The Lake Oswego Asset Builders Coalition will honor Lakeridge High School Principal Mike Lehman and Lake Oswego High School Principal Bruce Plato as 'Asset Builders of the Year' at the group's annual luncheon Friday.
The distinction is given to a community member or members who use positive qualities and personal experiences - 'developmental assets' - to help local youth become healthy, caring and responsible individuals.
Lehman and Plato - along with their respective administrative teams - have incorporated asset building into their leadership style in a way that models positive behavior for local students, according to LOABC members.
'They are around a huge number of kids each day and it's an unusual role,' said Peggy Morrell, LOABC school outreach coordinator. 'They do (asset building) extraordinarily well. It's going beyond knowing who kids are. It's reaching out to them.'
The 2007 luncheon, to be held at Oswego Heritage House, marks the fourth of its kind for LOABC, a coalition of city and school leadership, parents, faith based and civic organizations, health care professionals and students.
In 2006, Morrell was honored for her work with Palisades Elementary School. LOHS crossing guard Wil Andrews was honored in 2005. Each honoree is nominated by the LOABC board or brought to the board's attention by the community.
Lehman and Plato were the obvious next selection, Morrell said.
'They've done some incredible things since they've been there and were able to sustain asset building on an ongoing basis and that attracts attention,' she said.
Lehman, former principal of Waluga Junior High School, has been principal at Lakeridge for the past two years. He is known for his laid-back demeanor and a love for surfing and his blues band, Big Blind. On any given school day, you will find him sweeping up stray garbage with a hand-held vacuum and chatting with students.
Plato, who spent six years as principal of Cleveland High School in Portland, started his job at LOHS in 2002 during the construction phase of the new school. A former standout baseball pitcher, Plato understands the importance of athletics and often plays basketball with members of his staff.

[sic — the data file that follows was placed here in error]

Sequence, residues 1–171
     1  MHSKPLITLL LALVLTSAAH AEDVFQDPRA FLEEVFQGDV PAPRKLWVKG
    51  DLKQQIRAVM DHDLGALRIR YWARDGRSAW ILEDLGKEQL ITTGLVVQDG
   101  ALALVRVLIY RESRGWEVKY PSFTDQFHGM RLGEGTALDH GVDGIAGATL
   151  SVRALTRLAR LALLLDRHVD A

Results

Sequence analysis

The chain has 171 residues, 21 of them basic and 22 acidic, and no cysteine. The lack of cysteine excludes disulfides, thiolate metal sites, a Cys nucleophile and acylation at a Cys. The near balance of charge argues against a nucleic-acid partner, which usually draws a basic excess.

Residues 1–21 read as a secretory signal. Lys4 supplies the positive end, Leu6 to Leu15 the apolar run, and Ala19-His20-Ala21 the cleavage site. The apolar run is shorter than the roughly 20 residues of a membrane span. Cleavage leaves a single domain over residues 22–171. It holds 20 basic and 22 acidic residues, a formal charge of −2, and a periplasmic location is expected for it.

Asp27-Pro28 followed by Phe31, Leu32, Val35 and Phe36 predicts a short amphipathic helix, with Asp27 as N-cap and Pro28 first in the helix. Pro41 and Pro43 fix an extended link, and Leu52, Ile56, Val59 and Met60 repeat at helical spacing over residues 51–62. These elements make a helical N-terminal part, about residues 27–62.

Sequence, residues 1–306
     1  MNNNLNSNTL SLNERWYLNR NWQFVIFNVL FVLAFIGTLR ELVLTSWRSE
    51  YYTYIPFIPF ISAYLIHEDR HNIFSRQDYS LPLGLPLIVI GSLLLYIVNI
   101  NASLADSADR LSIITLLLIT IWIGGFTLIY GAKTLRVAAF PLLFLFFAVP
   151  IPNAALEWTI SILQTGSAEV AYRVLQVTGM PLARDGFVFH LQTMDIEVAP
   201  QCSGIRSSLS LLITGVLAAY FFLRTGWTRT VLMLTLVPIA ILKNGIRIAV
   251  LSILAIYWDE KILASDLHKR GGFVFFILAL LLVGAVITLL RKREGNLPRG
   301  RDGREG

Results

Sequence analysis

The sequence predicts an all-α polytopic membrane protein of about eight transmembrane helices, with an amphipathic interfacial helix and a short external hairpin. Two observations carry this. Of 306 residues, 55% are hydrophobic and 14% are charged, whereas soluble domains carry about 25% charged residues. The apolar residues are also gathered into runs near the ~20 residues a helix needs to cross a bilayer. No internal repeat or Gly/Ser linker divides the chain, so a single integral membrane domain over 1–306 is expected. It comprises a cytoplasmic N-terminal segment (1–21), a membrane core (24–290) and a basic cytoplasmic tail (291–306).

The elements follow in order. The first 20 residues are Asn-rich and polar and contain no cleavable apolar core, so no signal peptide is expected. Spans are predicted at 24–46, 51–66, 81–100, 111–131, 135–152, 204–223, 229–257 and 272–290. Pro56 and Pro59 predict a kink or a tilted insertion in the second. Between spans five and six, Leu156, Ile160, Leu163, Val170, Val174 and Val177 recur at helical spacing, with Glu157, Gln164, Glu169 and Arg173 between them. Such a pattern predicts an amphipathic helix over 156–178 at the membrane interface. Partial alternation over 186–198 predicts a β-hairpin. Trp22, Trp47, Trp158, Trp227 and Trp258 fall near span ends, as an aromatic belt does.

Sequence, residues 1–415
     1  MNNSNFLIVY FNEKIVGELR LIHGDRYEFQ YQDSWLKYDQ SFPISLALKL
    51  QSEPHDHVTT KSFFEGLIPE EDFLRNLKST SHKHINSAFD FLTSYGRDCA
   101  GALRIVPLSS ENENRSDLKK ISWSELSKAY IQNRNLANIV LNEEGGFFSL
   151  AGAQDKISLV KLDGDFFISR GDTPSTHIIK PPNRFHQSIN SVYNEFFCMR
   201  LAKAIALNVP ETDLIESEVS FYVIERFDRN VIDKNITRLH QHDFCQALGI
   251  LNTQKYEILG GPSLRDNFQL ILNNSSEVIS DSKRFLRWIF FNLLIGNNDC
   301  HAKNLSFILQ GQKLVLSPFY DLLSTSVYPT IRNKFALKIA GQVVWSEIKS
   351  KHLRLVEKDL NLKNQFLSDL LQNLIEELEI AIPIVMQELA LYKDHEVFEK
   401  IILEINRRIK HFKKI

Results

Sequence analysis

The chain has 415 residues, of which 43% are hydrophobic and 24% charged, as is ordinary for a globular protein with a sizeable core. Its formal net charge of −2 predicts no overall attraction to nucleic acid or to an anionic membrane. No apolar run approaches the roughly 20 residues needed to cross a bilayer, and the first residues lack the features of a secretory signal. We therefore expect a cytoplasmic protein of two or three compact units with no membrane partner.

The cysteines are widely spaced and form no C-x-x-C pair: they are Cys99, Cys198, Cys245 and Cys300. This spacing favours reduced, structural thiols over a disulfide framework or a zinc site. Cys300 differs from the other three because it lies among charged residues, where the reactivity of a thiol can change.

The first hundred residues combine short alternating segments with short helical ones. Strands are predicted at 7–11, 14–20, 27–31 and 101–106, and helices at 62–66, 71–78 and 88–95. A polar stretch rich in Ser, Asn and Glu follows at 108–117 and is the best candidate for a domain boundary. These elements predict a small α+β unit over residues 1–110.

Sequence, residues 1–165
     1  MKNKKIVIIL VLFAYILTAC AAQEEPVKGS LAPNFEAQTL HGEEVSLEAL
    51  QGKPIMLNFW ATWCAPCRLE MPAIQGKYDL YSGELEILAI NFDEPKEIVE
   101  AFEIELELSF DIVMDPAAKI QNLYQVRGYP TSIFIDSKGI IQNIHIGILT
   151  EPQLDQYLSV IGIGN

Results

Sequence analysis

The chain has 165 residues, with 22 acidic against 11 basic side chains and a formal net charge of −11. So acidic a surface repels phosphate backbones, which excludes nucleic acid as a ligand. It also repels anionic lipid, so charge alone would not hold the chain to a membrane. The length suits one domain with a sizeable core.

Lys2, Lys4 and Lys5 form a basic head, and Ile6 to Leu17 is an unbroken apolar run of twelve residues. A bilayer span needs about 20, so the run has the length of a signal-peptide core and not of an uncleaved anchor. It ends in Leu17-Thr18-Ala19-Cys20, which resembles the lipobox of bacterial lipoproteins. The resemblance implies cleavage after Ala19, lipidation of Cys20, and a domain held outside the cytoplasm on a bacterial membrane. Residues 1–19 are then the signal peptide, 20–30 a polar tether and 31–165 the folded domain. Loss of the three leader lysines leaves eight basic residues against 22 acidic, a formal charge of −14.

Lehman and Plato share similar philosophies when it comes to working with students and leading their schools. Improving school culture and strengthening relationships are both priorities.
Both men know a majority of their students' names and interests. They also spend much of their workday in the hallways mingling with students.
In August, the teaching and support staff at LOHS attended a daylong retreat to focus on ways to make sure every student had a positive connection with at least one adult at LOHS, Plato said. A recent diversity assembly gave LOHS students the opportunity to anonymously explain the ways they struggle in their lives.
At Lakeridge, student leaders, faculty, staff and administration work together to create opportunities for kids who have interests that may not match up with the school's traditional outlets. For example, during a school dance, the staff also provides a location for video gaming, ping-pong and chess playing.
The idea is to create a welcoming environment for all students, Lehman said, and the effort is ongoing. Both administrative teams meet regularly to discuss their strategies.
'We're committed to making our high schools the best of all places for our students to experience their high school years,' Lehman said.
Plato and Lehman said they feel honored to be recognized by the LOABC and appreciate the organization's role in fostering positive opportunities for students.
They plan to share the distinction with their co-workers.
'I feel this honor is a direct reflection on the outstanding and ongoing work of our entire teaching and support staff,' Plato said. 'We have made a commitment to creating a school environment where students and adults feel safe, are treated with respect, and accepted for who they are.'